Monthly Archives: September 2012

The VRM Movemen…

The VRM Movement – You Gotta Know The Code

As a long time follower of the Vendor Relationship Management (VRM) arena, I’ve been thinking about some of the other-than-logical aspects (perhaps psycho-logical or even bio-logical aspects) of the challenge of VRM becoming a still-more-animated movement.  The system of thought I’m using has its roots in the intersection of the work of Paul MacLean on The Triune Brain, the notions of Carl Jung on the role of archetypes, and the marketing/communications practice of Clotaire Rapaille.

The broad notion is that we, like every other species, come into the world with already-there mental structures that serve such instinctual behaviors as aggression, dominance, territoriality, and ritual displays as well serving the motivation and emotion involved in feeding, reproductive behavior, and parental behavior.  These structures are uniform across the species – what Jung saw as archetypes repeating across time and cultures.  Additional structure/pathways are added in the earliest days of our lives – the pre-verbal times of our lives as we see what people do (what people say is not so important and will be informed in our coming verbal years by what people do in these preverbal times).  These early-in-life pathways vary according to culture.[1]

This notion of pre-existing pathways is not the territory of the cortex where our ability for language, abstraction, planning, perception reside (not to mention arithmetic, computing architecture, CRM, VRM .  .  .)  , but rather it’s the territory of the reptilian and the limbic parts of our nervous systems.  It’s handy shorthand to say the cortex is for thinking, the limbic is for feeling, and the reptilian brain is for movement/animation.    And for languaging convenience (in service of that cortex), call all of this structure in the reptilian and limbic brains “the code” —  perhaps seeing it as a network of pre-existing, well-worn pathways in the “world of ends” inside of us.   

A principle that follows from this system of thought is:

If you want movement (not just thinking and feeling), you have to “know the code” – that is, get on one of those pre-existing pathways.  (And a corollary: there’s not enough marketing in the world to create new pathways.)

But the internet already has a code.  By whatever complex of early internet dynamics, the internet hooked into an unfortunate but powerful structure that was already in us.  The code for the internet became:  INTERNET = a place to lie, a place to hide, a place to spy, a place where things are not as they seem

So, that’s the notion here: Among the many possible structures that this new entity called the internet could have hooked into, it found .  .  . a place to lie, a place to hide, a place to spy, a place where things are not as they seem.   The New Yorker cartoon of the dog in front of a PC saying “On the internet, nobody knows you’re a dog” is funny because, like much humor, it holds an uncomfortable, if exaggerated, truth.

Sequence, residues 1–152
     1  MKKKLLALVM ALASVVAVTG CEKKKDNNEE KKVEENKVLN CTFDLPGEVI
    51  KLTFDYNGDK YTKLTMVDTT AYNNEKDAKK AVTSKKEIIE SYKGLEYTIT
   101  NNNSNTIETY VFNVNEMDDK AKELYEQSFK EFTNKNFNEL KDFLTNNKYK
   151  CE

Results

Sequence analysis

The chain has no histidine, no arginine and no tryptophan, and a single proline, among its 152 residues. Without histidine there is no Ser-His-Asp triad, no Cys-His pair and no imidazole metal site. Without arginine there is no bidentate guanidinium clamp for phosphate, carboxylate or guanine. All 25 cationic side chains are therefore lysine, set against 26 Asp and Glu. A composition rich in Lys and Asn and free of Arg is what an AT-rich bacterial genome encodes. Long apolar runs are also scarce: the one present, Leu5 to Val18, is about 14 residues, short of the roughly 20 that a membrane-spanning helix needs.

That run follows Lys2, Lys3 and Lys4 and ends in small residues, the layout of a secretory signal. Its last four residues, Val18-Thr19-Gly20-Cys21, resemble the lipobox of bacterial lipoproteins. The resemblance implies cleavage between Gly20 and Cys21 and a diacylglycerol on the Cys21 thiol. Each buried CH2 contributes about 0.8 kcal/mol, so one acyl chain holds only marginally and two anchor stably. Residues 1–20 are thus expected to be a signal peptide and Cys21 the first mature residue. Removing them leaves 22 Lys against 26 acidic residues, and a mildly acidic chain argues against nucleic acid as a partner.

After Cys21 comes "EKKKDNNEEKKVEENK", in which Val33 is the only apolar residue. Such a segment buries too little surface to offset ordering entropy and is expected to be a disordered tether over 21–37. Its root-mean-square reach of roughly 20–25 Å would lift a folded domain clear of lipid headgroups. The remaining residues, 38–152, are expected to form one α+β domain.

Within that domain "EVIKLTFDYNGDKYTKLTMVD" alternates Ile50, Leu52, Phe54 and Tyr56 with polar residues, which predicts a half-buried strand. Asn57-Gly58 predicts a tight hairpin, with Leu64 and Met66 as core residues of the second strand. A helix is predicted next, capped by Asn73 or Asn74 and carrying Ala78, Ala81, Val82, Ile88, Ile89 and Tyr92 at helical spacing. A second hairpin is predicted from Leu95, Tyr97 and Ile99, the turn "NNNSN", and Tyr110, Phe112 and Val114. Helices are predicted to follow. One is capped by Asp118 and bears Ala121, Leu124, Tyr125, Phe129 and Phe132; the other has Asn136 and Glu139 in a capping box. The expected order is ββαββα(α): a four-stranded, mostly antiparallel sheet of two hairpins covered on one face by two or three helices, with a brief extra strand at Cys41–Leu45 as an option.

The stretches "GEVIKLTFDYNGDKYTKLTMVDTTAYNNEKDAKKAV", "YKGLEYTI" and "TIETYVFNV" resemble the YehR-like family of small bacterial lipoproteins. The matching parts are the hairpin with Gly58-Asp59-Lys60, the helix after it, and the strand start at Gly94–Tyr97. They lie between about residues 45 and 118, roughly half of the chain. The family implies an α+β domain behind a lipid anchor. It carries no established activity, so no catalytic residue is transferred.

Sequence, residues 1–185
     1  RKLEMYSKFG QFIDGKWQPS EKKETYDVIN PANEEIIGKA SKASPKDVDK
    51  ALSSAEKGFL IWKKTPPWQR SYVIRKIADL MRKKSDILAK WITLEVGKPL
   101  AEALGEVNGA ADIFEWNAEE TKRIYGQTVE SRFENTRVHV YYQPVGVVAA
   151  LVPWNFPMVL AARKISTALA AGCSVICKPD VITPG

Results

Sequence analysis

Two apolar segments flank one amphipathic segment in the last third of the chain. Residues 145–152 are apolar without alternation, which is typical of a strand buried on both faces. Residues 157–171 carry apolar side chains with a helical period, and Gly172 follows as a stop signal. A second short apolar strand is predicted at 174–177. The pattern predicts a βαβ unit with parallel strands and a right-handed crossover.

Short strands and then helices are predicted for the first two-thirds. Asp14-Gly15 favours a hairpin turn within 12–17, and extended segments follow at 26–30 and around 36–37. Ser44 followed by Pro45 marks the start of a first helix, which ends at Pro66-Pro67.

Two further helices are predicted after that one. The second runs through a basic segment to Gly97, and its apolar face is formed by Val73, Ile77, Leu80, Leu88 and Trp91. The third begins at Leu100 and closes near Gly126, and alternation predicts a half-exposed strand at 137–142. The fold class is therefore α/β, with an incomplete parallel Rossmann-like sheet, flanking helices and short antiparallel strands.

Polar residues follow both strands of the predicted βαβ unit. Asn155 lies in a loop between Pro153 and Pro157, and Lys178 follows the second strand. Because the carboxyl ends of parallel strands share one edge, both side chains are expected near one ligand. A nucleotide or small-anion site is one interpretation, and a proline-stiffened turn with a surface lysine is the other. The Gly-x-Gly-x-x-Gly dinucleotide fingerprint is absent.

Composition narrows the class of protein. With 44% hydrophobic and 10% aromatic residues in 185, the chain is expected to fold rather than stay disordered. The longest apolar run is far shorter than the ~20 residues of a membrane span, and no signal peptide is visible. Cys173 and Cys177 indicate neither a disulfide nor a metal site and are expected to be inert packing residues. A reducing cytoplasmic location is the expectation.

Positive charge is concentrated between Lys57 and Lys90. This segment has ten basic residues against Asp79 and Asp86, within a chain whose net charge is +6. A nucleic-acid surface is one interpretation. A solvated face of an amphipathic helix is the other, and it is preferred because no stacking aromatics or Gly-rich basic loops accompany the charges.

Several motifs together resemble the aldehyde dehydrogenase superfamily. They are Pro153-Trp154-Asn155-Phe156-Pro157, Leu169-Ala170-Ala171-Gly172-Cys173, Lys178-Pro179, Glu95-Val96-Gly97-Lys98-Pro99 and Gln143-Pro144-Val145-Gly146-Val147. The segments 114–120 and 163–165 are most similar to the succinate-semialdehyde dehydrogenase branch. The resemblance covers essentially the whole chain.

If this code is at work in us (even those of us who see ever so many other possibilities for the internet), then our every internet activity is colored by .  .  . INTERNET = a place to lie, a place to hide, a place to spy, a place where things are not as they seem.   Perhaps this begins to explain why it seems that  — because they are an archetypal highway we instinctually are familiar with. 

So, when we create language around trust, privacy, accountability, etc., it gets heard through the code of .  .  . INTERNET = a place to lie, a place to hide, a place to spy, a place where things are not as they seem, because in the sense used here, “trust” and “distrust” are the same code.

The task is to find another code.  And part of the problem is that it doesn’t much work to use the cortex to find these highways of the reptilian and limbic brains.  Yet, it’s the best we can do until something leaks through from the reptilian and limbic brains.  One possible code that occurs to me so far is in the territory of “Respect” – the construction Drummond Reed et al. and the Respect Network are using.  There’s probably a species-level code for “Respect”:   Respect =  “Choose me to co-create the future with you”.  (And yes, it is in the same territory as “Choose me to procreate the future with.”)

If this is a promising highway, the question becomes what motif of aps and words and images  would we use to evoke this code?  I’ll let that question hang there and see what comes to us in our “thoughts-in-the-shower” or other “thinking-of-nothing” moments.

Your reactions and thoughts are welcome.


[1] An illustration is research on the marketing of cheese in France and in the U.S.  It turns out that the mental structure for cheese in France is “alive” – where cheese is bought according to smell and touch and is often left at room temperature to pursue its life cycle.  In the U.S., cheese is “dead” – we wrap it in plastic (a body bag) and keep in the refrigerator (the morgue).   Now no one remembers getting the “cheese is alive” speech or “cheese is dead” speech as children.  Rather we saw how people handled cheese and connected to archetypal constructions of “alive” and “dead”.

 

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